Illustrator James Gurney wrote:
"Yesterday I took my car to the shop because it needed an inspection. The rain was pouring down. There wasn't much space in the waiting room. So I sat under the awning out back between an old rusty engine and a forklift.
While I waited, I sketched the mud puddle beside me. The rain streamed off the corrugated roof  and splashed the water, making big bubbles. The puddle was a sea of overlapping ripples."

I love this little study, not just for how it looks but for what it signifies. 

Gurney is the creator of the famed Dinotopia series, whose books, calendars, posters, prints and collectibles have become a publishing sensation.   He is renowned for his illustrations for National Geographic and his more than 70 book covers, as well as stamps and animated films.

Gurney working on one of his carefully researched illustrations for National Geographic,
with his parakeet on his shoulder 

He authored two excellent books on art, Color and Light and Imaginative Realism and in his spare time he writes one of the best, most informative art blogs around.    I get exhausted just reading about his accomplishments.  Here is his work plan for the 160 illustrations he created for Dinotopia: The World Beneath:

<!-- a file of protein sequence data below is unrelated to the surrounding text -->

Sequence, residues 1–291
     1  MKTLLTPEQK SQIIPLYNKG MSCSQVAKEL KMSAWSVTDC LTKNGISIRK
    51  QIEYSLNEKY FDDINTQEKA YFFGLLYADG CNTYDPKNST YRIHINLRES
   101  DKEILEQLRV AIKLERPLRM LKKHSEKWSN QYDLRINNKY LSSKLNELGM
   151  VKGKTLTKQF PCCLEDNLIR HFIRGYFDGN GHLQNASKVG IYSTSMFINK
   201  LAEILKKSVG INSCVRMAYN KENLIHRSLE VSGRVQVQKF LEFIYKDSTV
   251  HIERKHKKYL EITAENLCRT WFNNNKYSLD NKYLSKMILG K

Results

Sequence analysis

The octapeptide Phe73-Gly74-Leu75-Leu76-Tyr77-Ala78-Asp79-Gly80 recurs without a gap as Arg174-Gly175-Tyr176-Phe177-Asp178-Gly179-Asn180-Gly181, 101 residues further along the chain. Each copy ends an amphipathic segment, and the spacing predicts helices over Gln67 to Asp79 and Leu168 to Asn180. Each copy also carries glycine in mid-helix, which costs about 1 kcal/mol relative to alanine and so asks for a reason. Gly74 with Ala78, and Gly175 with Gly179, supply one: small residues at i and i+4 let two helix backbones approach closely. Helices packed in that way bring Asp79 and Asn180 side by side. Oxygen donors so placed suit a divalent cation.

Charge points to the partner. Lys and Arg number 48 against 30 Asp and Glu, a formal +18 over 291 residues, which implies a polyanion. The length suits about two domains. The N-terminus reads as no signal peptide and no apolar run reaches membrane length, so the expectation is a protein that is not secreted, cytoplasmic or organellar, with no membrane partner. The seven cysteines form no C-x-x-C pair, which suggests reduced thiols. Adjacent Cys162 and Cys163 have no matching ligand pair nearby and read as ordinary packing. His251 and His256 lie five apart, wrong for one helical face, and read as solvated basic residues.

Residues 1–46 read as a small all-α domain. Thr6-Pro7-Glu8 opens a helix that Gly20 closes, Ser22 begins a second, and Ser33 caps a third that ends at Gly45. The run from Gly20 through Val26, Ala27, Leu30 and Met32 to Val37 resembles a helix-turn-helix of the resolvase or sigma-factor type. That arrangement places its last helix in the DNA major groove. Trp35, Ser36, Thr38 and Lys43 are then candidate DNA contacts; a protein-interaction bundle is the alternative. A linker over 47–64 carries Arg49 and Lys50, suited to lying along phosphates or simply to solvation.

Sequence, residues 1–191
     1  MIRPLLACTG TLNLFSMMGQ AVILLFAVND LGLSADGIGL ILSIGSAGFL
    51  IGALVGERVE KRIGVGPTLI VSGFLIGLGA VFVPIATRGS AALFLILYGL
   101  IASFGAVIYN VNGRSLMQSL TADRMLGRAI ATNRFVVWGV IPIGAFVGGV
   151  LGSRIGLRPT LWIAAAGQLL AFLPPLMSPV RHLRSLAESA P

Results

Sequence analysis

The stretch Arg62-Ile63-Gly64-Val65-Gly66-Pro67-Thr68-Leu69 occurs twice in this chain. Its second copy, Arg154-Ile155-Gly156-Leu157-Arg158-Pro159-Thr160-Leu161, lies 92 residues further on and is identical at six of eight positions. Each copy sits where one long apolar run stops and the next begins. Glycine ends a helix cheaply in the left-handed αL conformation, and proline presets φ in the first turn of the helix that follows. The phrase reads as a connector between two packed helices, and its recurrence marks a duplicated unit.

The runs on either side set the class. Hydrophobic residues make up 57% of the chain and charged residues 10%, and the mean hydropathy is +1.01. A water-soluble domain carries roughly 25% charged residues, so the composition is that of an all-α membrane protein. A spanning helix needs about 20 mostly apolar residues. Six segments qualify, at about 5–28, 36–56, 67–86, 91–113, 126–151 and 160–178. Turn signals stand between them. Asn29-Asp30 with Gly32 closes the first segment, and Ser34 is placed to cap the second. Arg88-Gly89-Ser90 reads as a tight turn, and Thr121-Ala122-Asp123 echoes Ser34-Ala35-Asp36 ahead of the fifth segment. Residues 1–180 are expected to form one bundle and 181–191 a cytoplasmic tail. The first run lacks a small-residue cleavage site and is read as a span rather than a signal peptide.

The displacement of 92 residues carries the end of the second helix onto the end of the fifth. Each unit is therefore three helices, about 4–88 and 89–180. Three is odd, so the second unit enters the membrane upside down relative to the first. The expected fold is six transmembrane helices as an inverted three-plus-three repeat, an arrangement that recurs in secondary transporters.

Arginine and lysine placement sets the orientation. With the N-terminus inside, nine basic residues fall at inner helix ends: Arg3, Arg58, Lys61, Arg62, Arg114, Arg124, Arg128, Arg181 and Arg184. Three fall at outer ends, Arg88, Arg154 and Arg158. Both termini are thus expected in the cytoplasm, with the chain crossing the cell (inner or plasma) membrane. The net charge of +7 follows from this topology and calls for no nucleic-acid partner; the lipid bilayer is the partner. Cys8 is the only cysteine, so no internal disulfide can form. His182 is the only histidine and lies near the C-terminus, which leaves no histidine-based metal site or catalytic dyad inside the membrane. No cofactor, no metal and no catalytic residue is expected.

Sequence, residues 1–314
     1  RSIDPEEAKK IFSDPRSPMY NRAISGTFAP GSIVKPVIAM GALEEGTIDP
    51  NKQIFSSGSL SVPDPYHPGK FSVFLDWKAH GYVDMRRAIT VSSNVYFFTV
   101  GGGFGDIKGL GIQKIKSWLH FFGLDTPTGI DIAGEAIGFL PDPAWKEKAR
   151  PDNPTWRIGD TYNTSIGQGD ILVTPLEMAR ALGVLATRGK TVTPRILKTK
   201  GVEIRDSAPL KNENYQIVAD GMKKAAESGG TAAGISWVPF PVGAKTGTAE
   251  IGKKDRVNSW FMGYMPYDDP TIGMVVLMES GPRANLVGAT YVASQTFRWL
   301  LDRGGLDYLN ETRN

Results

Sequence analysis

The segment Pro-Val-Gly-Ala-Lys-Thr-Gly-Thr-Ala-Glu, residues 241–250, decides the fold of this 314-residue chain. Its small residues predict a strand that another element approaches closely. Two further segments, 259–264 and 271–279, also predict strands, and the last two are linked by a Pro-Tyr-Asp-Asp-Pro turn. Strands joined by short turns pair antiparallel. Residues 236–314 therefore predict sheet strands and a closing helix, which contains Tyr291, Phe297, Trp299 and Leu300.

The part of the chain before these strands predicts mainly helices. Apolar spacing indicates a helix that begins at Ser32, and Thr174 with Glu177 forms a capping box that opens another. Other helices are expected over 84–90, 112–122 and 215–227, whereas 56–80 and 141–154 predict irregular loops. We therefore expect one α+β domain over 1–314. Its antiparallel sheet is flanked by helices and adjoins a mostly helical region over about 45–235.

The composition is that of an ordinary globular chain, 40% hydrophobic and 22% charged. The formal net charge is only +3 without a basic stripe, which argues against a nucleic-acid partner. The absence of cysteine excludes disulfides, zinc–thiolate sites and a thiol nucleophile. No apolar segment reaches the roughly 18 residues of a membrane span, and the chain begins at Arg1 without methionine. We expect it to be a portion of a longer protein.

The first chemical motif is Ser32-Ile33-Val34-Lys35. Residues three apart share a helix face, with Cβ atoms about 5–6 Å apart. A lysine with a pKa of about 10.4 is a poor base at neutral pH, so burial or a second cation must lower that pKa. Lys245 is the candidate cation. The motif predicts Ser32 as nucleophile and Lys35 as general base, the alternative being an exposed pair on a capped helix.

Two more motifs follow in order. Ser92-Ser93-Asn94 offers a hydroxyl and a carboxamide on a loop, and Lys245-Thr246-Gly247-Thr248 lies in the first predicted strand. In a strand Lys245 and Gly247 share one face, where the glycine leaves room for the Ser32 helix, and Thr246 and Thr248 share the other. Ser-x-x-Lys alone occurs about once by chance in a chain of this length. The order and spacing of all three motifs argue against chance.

So when Gurney finally gets a few minutes of respite from the easel to take care of routine car maintenance, what does he do?  He becomes so intrigued by the effect of rain drops in a mud puddle that he pauses to produce the lovely study above.

Gurney's fans ask him about his work habits.   He tells them, "I typically work from 8:30 to 5:30 five or six days a week."


The problem with Gurney is that he can't distinguish between work and play.   Robert Frost wrote about that state of grace, where the thing we need to do and the thing we love to do "are one."
My object in living is to unite
My avocation and my vocation
As my two eyes make one in sight.
Only where love and need are one,
And the work is play for mortal stakes,
Is the deed ever really done
For Heaven and the future's sakes.
Some of the most successful artists are the ones whose eyes can't help but see-- and whose hand can't help but investigate-- the beauty of a rain puddle even while they are waiting in a dreary line for their car to be inspected.

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